A flushing syringe is recommended in the Wilderness First Responder curriculum. Not a bad idea to flush any wound before bandaging.

I submit that an organized group leader has a little more responsibility than an individual day hiker.

Trail crew years ago got a giant wad of gritty mud in her eye. We would have had to call SAR to get her out if it weren't for the syringe the leader had.  Chances are high this won't happen to many hikers, but it certainly could (crawling under logs). A plastic syringe weighs practically nothing. We all tend to react to our own experiences. A plastic syringe seems useful to me because of the past experience. I'm kind've a freak about having a bright orange vest with me - seems dumb to someone else, but it's because of the woman who would have died her 4th (?) day being lost, if she hadn't happened to find a pair of bright yellow wading britches wrapped around some shrubbery; she used those to flag down the helo that had passed her by several times because they couldn't see her.

We all have our own deal.

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" I'm really happy about this! I have very strong good and horrible memories up there."  oldgranola, NWHs outdoors advocate.
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Ski
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PostThu Jan 02, 2020 11:37 am 
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^ yeah... I can see where that syringe would have helped when I fell down and punctured my leg on a pointy stick. hurt like hell.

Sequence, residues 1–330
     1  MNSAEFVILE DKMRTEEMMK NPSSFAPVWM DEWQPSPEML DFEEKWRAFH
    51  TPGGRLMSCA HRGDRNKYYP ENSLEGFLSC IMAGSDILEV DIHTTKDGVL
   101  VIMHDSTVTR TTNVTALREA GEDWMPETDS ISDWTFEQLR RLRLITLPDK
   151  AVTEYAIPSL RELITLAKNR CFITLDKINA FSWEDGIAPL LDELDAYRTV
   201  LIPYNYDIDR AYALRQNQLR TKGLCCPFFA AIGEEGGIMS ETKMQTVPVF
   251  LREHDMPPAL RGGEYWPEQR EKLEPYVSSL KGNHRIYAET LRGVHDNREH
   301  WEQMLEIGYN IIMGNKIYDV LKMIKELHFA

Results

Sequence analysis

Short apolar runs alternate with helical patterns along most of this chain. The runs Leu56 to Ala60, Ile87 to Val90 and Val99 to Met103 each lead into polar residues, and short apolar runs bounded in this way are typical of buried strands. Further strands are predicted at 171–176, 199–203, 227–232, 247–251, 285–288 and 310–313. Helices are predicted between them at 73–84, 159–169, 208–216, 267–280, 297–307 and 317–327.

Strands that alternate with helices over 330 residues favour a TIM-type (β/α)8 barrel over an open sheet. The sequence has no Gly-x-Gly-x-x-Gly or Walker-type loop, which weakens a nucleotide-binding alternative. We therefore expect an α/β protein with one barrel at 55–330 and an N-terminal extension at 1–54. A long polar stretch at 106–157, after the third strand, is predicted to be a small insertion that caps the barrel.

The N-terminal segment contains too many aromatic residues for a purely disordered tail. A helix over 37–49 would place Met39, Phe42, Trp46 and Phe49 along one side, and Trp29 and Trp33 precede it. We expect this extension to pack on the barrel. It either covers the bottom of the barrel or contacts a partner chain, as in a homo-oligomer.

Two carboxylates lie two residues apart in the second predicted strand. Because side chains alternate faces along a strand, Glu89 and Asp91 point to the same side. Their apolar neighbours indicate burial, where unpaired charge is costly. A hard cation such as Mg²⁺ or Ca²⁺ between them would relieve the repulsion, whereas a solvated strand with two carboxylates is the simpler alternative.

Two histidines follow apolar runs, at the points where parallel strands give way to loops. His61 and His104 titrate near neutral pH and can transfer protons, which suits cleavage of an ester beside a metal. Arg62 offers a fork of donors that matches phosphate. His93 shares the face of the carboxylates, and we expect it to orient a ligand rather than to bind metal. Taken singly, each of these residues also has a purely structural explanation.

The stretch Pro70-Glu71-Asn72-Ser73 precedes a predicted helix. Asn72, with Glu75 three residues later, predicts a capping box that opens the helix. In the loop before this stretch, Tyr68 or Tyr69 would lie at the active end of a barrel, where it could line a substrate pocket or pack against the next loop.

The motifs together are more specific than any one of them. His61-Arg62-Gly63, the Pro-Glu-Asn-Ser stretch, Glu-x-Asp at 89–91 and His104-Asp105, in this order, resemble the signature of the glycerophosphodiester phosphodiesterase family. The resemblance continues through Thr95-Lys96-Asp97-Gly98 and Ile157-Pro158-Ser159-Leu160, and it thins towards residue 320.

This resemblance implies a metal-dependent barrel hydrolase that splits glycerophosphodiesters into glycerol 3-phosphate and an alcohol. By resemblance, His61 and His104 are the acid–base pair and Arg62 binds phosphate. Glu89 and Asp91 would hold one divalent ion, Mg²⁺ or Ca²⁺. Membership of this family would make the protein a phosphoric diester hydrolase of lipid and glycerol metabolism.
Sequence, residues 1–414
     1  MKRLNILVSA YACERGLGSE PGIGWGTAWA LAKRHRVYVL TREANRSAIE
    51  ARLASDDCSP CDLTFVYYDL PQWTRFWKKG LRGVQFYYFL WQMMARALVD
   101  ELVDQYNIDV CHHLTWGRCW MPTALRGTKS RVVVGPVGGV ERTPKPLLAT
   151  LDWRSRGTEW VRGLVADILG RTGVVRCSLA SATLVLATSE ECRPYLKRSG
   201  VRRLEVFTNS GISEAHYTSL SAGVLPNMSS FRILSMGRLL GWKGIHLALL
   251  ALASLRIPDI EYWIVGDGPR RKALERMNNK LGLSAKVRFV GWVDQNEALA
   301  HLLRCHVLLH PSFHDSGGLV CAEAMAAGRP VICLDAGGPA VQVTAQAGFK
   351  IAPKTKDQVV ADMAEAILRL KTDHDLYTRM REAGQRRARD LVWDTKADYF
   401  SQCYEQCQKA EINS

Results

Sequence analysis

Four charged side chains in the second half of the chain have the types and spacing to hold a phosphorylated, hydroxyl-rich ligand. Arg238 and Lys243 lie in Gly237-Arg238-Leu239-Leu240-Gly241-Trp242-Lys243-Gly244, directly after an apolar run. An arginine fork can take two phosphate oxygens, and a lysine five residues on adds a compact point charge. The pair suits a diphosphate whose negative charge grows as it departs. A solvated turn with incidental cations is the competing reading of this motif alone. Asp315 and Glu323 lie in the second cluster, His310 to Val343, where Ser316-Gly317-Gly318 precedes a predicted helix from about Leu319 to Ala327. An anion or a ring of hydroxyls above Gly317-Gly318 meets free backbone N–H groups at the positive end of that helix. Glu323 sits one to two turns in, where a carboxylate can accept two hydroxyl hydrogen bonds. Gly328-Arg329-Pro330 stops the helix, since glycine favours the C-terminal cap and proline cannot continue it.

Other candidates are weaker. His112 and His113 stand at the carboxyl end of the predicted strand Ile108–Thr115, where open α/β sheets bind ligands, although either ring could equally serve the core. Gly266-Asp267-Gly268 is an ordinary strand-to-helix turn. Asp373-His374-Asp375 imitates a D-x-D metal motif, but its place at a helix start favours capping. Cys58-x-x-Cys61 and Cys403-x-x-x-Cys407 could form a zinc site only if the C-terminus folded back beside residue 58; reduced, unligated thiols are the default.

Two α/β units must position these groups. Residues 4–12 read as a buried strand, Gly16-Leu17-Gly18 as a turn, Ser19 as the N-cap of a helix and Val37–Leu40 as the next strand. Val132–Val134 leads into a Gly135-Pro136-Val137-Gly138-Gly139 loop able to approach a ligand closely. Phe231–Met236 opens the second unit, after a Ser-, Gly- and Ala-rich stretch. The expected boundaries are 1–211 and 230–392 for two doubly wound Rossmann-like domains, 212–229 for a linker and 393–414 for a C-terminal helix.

hobbled down to the river and waded in thigh-deep and washed it out but it still had a mess of crap in it. syringe thingie would have done it much better and it might not have gotten all festered up like it did.

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Malachai Constant
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PostThu Jan 02, 2020 12:02 pm 
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Sawyer water filters come with a plastic syringe.

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"You do not laugh when you look at the mountains, or when you look at the sea." Lafcadio Hearn
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Anne Elk
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PostThu Jan 02, 2020 1:52 pm 
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brushwork wrote:
Cyclopath wrote:
I got the campfire app for $3.  It keeps you warm at night and you can use it to make s'mores.

Maybe I need to get that campfire app.... I am waiting for the Sherpa app - to help with my overnight gear.   There needs to be a sunshine app,   And a few others...

Michael Leunig_Pants on Fire
Michael Leunig_Pants on Fire

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Cyclopath
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PostThu Jan 02, 2020 2:11 pm 
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You only need that app if you lie all the time.
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RumiDude
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PostThu Jan 02, 2020 2:11 pm 
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Bronco wrote:
Pahoehoe wrote:
I laughed at an outdoor activity group that wanted leaders to carry a syringe to flush wounds in a first aid kit for day trips not expected to last more than a few hours.

Sadly outdoor activity groups get sued for not having first aid gear and/or training as recommended by best practices.  A flushing syringe is recommended in the Wilderness First Responder curriculum.  Not a bad idea to flush any wound before bandaging.